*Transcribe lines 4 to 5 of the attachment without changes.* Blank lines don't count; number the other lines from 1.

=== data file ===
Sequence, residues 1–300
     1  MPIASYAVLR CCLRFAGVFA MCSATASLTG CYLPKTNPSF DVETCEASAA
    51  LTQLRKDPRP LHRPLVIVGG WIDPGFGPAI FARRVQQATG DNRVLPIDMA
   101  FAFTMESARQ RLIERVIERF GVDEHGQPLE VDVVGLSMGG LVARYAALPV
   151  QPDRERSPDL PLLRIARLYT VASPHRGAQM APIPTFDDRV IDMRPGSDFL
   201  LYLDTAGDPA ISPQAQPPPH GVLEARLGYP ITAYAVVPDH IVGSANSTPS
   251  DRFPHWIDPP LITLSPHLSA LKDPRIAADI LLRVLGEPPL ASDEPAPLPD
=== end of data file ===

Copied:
   101  FAFTMESARQ RLIERVIERF GVDEHGQPLE VDVVGLSMGG LVARYAALPV
   151  QPDRERSPDL PLLRIARLYT VASPHRGAQM APIPTFDDRV IDMRPGSDFL